A haven dedicated to manual espresso machine aficionados.
- Team HB
That's my point: unless you know whether the volume is crema or liquid, it's hard to make reasoned comparisons. I'm a big fan of Andy's brew ratios because a) it's hard to measure volume as precisely and reproducibly as weight and b) it takes crema production out of the equation.peacecup wrote:Right, 7g:25ml, this is a 28% shot. So 14g:50 ml would fit the bill as a traditional doppio. Sorry, I said 60ml, but I was thinking in ounces, which is the regular old 2 oz doppio. By IENI standards this is NOT a lungo, its a doppio espresso. My point was that Andy's brew ratio chart somewhat REDEFINES the traditional terminology, albeit it is more precise. For example, Andy's "regular espresso, single, med., at 7g, only produces 14g of liquid - the IENI definition would be 20+g (unless the shot was all crema).
So...I'm saying that an IENI double has a lower brew ratio than does Andy's double. Because the majority of posters here on HB tend towards following Andy's guidelines, they're more accustomed to "ristetto-ish" doubles. Hence, when they taste a traditional double they find it less palatable. Its like switching from strong ale to lager. I think this is why I could not get any of the Ponte Vecchio reviewers to seriously evaluate shots in the 25% brew ratio range.
On pump machines that extract with 9 bars of pressure, you can expect nearly 100% crema to pour into the cup. I have no argument with the traditional IENI definition of espresso, assuming that the 25ml single or 50ml double is mostly crema. This shot was pulled as a 50ml double, but would eventually settle to 30ml or less. I'm sure the brew ratio was (slightly) over 50%.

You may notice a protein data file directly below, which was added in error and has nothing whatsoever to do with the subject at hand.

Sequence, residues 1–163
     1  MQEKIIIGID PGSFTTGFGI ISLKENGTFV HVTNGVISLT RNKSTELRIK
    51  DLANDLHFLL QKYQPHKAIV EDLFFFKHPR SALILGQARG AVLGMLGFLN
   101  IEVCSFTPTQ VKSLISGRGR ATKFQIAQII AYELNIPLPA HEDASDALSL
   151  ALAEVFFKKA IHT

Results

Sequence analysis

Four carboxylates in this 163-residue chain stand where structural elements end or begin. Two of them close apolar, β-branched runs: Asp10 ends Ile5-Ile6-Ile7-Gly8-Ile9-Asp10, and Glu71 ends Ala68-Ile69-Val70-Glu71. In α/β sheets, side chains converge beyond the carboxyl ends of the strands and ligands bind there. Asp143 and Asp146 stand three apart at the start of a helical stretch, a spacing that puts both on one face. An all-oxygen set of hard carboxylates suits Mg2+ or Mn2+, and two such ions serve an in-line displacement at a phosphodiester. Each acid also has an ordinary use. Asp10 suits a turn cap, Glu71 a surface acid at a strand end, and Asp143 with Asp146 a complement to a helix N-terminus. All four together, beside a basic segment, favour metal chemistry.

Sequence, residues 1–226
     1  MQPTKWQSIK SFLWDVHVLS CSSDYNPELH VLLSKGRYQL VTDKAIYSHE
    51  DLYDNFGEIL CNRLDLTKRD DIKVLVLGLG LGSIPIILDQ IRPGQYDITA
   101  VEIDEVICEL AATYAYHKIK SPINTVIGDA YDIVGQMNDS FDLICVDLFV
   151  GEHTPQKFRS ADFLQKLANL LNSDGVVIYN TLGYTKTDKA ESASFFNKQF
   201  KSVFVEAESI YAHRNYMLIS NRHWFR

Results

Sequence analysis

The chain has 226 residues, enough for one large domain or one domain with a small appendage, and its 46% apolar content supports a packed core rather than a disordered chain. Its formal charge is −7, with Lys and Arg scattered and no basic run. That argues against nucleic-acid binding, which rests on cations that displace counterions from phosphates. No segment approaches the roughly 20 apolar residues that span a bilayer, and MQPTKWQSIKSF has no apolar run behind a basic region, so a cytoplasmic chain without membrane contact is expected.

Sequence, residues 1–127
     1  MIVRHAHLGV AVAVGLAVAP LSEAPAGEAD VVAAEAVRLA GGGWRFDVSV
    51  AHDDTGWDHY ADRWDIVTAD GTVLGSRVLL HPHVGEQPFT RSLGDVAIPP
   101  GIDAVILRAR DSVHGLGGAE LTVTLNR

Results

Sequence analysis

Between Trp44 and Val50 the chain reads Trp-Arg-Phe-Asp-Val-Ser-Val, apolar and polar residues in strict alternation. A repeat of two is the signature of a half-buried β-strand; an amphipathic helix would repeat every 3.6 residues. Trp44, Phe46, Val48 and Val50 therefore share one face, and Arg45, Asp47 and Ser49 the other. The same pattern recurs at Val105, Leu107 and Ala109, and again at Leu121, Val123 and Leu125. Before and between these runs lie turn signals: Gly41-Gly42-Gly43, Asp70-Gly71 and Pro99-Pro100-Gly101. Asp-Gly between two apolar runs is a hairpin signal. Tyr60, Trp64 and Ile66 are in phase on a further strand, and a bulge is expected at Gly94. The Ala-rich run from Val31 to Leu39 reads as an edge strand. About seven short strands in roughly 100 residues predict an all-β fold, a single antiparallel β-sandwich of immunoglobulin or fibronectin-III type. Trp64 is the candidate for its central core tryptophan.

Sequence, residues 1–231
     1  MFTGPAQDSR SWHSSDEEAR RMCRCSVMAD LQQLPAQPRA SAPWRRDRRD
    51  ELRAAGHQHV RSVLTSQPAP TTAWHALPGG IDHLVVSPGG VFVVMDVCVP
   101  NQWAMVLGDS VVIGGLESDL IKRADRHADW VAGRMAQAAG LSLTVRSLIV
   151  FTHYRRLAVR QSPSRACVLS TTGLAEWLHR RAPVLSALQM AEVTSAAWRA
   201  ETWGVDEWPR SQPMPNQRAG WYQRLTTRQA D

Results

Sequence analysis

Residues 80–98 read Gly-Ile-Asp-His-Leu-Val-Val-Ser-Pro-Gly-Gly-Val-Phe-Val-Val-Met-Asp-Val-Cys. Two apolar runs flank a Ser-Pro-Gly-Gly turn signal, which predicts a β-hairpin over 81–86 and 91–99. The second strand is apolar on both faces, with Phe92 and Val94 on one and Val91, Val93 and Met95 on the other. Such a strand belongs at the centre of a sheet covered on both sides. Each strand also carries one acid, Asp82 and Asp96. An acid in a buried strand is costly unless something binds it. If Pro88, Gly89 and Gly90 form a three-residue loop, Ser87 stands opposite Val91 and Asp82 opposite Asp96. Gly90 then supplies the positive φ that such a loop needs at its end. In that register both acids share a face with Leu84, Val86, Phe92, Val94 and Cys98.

Bottomless pour on a Vetrano rotary pump machine.
[Edit: irrelevant pix deleted.]
Unless all our shots are the same density (same amount and type of crema), claiming 14g and 50ml is a normale double is rather vague. My apologies to the IENI, but it's much more precise to specify a 50% brew ratio.
Kudos (again) to Andy for his attempt to quantify our espresso terminology with brew ratios.
No offense John, but this is probably a false assumption. I suspect the 25 ml is mostly liquid. My first point is that there is no right or wrong definition (albeit Andy's is more precise), but that the taste of a typical HB double differs from that of a "IENI" double. And it happens that IENI is the standard definition (witness Mark Prince's article dated 2003), so this is what causes confusion. Obviously the OP was thinking in IENI terms when he asked the question.RapidCoffee wrote:I have no argument with the traditional IENI definition of espresso, assuming that the 25ml single or 50ml double is mostly crema
My second point is that I agree with Mark Prince's premise that a good "traditional" double can be great - and that it is actually more difficult to pull off than a good ristretto.
Hand-ground, hand-pulled: "hands down.."
Hand-ground, hand-pulled: "hands down.."
- Team HB
No offense taken. But I don't think we have enough info to judge what is meant by "25ml".peacecup wrote:No offense John, but this is probably a false assumption. I suspect the 25 ml is mostly liquid.